Money & Career

Why are so many seniors declaring bankruptcy?

So much for freedom 55 — today, more seniors than ever are drowning in debt when they should be reaping the rewards of years of service in the workplace

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So much for freedom 55 — today, more seniors than ever are drowning in debt when they should be reaping the rewards of years of service in the workplace. 

No sooner had I wrapped this piece on what our grandparents can teach us about money, when I came across this. It’s a survey by trustees Hoyes, Michalos & Associates that says Canada’s seniors are declaring bankruptcy in unprecedented numbers — in 2010, 16% of all debtors who filed for bankruptcy were over 55. 

What’s even more alarming is that a lot of the seniors who are declaring bankruptcy (called “Grandpa Debtors” in the report) are dealing with credit card debt — on average, they owe $73,878 in unsecured debt. That’s a scary number when you consider that the average take-home pay reported for this group is just $2,133 a month. It’s really hard to imagine retiring with that high a debt load while facing a fixed income future.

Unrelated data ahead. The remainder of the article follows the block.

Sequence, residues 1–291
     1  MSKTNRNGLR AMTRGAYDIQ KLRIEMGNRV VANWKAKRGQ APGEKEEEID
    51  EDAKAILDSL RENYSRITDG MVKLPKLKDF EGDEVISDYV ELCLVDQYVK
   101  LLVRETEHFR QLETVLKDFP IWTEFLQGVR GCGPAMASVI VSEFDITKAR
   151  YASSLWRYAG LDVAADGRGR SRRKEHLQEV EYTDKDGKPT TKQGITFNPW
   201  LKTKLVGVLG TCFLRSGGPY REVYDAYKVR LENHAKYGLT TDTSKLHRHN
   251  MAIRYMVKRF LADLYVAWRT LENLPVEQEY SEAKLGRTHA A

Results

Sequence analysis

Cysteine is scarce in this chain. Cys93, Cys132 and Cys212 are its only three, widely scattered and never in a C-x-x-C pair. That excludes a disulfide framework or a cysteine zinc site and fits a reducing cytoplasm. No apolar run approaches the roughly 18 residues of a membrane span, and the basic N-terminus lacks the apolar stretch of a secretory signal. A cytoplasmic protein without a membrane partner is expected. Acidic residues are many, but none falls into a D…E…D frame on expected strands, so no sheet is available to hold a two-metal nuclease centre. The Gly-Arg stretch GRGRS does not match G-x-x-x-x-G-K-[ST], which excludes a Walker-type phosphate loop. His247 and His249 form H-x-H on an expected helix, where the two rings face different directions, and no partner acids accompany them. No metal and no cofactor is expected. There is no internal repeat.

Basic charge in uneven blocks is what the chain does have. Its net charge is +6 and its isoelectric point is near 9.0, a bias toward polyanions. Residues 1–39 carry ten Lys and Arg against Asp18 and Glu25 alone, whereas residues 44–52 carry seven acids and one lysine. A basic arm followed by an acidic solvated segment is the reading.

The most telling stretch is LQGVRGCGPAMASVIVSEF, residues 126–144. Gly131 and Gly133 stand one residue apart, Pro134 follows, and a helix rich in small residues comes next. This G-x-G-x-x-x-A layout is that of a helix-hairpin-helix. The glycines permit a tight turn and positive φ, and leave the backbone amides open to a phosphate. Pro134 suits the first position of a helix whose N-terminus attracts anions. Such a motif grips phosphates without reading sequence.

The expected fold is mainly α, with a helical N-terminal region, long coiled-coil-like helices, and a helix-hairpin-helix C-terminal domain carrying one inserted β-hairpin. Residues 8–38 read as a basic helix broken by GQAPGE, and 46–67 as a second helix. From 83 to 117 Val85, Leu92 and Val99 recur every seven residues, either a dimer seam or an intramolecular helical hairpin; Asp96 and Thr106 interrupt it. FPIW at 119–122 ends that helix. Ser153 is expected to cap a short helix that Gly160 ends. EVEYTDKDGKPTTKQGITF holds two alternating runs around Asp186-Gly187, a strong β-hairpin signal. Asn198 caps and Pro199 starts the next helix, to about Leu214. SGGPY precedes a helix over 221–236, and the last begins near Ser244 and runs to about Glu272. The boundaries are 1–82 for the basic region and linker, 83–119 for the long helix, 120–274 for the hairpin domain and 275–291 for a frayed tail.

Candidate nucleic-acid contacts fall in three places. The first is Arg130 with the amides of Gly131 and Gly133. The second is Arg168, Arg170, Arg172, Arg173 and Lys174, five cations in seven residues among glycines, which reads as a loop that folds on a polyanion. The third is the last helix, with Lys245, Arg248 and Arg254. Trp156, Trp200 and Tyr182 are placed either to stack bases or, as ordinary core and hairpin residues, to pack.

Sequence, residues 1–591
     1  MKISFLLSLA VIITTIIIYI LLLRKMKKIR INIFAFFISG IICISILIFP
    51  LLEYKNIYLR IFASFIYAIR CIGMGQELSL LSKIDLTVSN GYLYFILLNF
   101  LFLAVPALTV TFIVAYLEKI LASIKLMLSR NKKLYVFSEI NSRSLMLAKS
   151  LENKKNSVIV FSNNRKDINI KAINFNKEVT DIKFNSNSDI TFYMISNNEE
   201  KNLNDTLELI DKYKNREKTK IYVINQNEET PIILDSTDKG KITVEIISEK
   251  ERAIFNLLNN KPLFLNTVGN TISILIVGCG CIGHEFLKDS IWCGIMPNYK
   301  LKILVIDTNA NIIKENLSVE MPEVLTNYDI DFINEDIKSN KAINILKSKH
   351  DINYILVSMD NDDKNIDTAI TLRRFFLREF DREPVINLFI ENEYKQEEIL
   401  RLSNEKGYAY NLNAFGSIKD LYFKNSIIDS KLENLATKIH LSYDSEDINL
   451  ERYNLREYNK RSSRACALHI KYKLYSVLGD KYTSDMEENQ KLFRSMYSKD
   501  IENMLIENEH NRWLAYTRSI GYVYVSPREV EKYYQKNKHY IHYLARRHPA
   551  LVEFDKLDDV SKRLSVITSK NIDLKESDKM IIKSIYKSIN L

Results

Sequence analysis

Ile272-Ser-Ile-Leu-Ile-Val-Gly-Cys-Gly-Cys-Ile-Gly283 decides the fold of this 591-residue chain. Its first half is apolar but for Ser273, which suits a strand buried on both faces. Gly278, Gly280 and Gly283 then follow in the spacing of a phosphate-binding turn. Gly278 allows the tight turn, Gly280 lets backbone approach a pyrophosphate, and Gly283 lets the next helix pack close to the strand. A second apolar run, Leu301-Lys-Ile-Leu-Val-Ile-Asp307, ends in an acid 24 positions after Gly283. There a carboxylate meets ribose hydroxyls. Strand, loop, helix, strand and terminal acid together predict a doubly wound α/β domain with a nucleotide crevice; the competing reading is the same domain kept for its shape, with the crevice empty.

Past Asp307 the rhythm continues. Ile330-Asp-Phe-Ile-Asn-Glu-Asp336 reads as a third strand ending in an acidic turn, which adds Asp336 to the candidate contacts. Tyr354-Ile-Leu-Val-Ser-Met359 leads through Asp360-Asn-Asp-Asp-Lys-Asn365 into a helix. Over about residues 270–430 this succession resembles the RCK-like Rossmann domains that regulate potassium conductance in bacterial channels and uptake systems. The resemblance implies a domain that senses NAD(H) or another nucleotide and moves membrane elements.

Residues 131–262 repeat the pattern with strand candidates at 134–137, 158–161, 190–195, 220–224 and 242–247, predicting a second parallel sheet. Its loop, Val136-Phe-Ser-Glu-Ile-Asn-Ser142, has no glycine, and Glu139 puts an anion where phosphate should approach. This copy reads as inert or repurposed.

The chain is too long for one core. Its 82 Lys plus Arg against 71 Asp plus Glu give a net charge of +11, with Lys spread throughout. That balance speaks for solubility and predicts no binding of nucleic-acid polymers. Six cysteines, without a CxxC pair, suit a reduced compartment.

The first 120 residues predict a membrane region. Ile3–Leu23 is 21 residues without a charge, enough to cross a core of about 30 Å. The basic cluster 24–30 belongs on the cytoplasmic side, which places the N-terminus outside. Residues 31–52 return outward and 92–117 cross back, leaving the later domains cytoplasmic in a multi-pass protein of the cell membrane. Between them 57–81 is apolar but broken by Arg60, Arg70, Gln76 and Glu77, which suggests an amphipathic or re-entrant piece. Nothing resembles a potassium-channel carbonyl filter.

Why is this happening? The survey gives a few reasons. Some were forced to retire early due to medical reasons or because their employer went bust. Some don’t reduce their living expenses to match their retirement income — and some are so lonely in retirement that they end up spending money to feel better. And of course more seniors are providing financial assistance to unemployed adult children.

The reality here is that too few Canadians are properly prepared for the financial reality of retirement. Unless you are Bill Gates or otherwise super wealthy, your income is going to drop when you retire — that means you have to adjust your lifestyle and choices.

The report makes four really helpful recommendations for anyone who’s approaching retirement. I think they make a lot of sense so I’ve shared them below: 

1. Prepare a detailed budget before you retire.

2. Do not retire with debt, even if it means selling the family home to avoid mortgage payments.

3. Figure out how you want to spend your time in retirement — what do you want to do now that you’ve finished working?

4. Give your adult children a reality check: you’re going to be on a fixed income so you won’t be able to help them financially the way you did when you worked full-time. If you do decide to help them out, don’t give away all your cash and if possible make it a loan, with realistic terms for repayment.